Race for Life 2006

Beth with her Medal

I’ve just uploaded the pictures I took of Beth and a number of other women from St James taking part in the 2006 Race for Life, held in Prospect Park, Reading, in aid of Cancer Research. As some of the people in the St James team were from the Youth Group and Junior Choir, the team shots that include them aren’t generally available, however there are some general views of the scenes in the park, and also a shot of Beth finishing and getting her medal.

As you no doubt will have realised it, it probably wasn’t the ideal day to run a race, as although the event started at 7:30pm, when it was starting to cool, with the record breaking temperatures earlier in the day, it was still pretty warm at the start.

We had a large contingent of people from St James, many running and walking in memory of Rev Sheila, our former priest-in-charge who died as a result of breast cancer. Having said that, as an indication of quite how many lives the disease touches, almost everybody was running for a number of other people too.

The race was divided into two, runners and walkers. At the front were the more serious runners, the fastest of which completed the 5km course in just over 20 minutes. The fastest of the St James participants came in not too long after that, with many of our team coming in between 30 and 60 minutes. Beth came in at 55 minutes, which was just over her target of 50 minutes, partly because she ended up quite a long way back in the walkers at the start.

For such a hot day, there were relatively few problems that I saw – most people drinking lots of water as they went around the course. The organisers also relented over not giving out free water at the finish. Certainly all our participants seemed to have got around without too many problems.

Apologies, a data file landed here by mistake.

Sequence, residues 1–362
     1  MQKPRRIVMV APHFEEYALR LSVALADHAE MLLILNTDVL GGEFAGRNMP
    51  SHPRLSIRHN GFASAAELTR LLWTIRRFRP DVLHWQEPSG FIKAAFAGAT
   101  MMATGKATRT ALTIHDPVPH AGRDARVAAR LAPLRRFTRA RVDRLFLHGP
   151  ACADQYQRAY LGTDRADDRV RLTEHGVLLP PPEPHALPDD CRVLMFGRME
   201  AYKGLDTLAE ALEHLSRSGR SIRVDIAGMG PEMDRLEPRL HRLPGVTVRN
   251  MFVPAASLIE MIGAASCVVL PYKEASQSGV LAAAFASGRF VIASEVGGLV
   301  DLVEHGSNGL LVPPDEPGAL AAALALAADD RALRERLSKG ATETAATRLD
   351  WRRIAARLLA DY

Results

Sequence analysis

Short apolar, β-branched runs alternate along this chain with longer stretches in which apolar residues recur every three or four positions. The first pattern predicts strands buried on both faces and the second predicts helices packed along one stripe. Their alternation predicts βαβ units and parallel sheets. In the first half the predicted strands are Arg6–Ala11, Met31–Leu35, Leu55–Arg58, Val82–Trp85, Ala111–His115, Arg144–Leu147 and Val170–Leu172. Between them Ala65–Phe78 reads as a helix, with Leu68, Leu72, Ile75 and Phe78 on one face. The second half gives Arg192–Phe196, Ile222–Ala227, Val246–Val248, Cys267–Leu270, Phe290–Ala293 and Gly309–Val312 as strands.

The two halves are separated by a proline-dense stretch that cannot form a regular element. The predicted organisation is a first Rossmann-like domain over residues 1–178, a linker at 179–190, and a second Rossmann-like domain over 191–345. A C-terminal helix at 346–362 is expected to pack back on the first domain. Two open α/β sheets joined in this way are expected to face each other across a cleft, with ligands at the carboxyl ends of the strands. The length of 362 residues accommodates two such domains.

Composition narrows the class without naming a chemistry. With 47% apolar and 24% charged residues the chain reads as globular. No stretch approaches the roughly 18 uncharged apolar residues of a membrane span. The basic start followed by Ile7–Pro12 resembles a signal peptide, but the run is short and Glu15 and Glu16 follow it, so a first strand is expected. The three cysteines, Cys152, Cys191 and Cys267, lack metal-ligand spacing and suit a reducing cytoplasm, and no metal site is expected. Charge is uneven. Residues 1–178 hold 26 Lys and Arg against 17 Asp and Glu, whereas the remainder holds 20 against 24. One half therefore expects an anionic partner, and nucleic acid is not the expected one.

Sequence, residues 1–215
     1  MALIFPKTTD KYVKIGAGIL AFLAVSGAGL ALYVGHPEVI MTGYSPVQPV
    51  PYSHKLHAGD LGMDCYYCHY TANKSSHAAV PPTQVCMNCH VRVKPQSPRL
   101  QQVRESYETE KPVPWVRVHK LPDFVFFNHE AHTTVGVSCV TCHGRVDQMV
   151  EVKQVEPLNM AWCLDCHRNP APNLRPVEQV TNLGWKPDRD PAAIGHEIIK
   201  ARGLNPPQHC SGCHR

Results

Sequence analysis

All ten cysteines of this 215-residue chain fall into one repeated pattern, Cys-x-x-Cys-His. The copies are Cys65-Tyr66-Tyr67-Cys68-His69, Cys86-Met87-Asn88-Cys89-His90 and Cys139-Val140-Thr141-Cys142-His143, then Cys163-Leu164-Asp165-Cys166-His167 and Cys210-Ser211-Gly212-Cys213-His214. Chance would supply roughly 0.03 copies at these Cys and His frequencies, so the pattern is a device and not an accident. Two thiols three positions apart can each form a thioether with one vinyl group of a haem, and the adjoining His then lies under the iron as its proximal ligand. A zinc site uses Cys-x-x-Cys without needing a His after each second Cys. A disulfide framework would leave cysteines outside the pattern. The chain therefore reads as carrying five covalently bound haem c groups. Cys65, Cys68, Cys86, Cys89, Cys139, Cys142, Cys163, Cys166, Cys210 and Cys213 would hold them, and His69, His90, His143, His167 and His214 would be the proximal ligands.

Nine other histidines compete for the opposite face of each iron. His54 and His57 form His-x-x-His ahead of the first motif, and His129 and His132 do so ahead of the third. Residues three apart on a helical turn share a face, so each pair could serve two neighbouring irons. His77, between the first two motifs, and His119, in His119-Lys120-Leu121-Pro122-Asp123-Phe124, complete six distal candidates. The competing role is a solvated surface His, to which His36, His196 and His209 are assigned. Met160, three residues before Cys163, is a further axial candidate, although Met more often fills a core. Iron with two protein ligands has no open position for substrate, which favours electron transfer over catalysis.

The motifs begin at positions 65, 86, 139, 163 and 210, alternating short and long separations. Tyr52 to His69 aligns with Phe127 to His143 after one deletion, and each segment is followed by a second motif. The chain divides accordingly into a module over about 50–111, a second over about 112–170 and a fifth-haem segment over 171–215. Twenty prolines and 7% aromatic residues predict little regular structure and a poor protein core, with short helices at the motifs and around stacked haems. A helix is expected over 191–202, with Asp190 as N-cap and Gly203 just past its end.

In terms of the money raised, a quick total up amongst about half the team before the race came to about £2000 – a really superb total. I’m sure Beth will be posting a full description of what it was like to participate over the next couple of days.

Incidentally, if at this point you are thinking that it is slightly sexist, only allowing women to enter – it is possible for men to get into the race – with a little bit of deviousness. We spotted a couple of men, with valid numbers, in this years race in fairly obvious drag – complete with handbags… 😀 Whether they managed to enter themselves, or whether somebody else entered for them we don’t know. Having said that, the officials didn’t seem to make a fuss over it, and they added to the entertainment on the night.

One thought on “Race for Life 2006”

  1. The race sounds similar to an event I participate in called The Relay For Life. It is also in support of the (Canadian) Cancer Society, and raises money for Cancer research.

    The relay starts off at 1900h with a bagpiper escorting the survivors around on the intial lap, all dressed in their bright blue t-shirts. There are tears in so many peoples eyes, especially when the babies in blue come around held by their parents. Then the relay begins. There is another ceremony at sunset, a candle lighting ceremony for those that did not survive. The candles are placed in special flame resistant paper bags, and the names of those loved ones that passed with Cancer are written on each bag. There are thousands of them, and they light the path for the walkers all night long.

    One to two team members must be on the course at all times, and we switch off every hour or so until 0700h the next morning. In the meantime we can get reflexology, massages, sumo wrestle one another, practise our golf strokes, go to educational workshops on cancer treatment, or listen to one of the local bands that play etc.

    It is quite the event, with each team setting up a tent in the middle of the course, and decorating it with pictures of the person(s) they are walking in memory of, and having BBQs, and trading survivor stories. You meet people in these ‘camps’ as you walk along the course. It is tiring, and touching, and profoundly sad, and yet hopeful.

    The team I usually walk with is called The Naughty Nurses, some girls that I work with at the Shaver Hospital. Our mascot is Betty Boop, dressed as a naughty nurse, we have her on our t-shirts and water bottles and so on. One of the girls even dresses as her, complete with short, tight, white uniform and garters. LOL

    Next year my sister and I will be starting our own team in memory of her friend Wendy. Wendy is currently still alive, just barely at 36, dieing of cervical cancer and leaving 4 chlidren behind.

    Anyhow this is getting long winded … talk with you both soon … much love Meli xox

Leave a Reply

This site uses Akismet to reduce spam. Learn how your comment data is processed.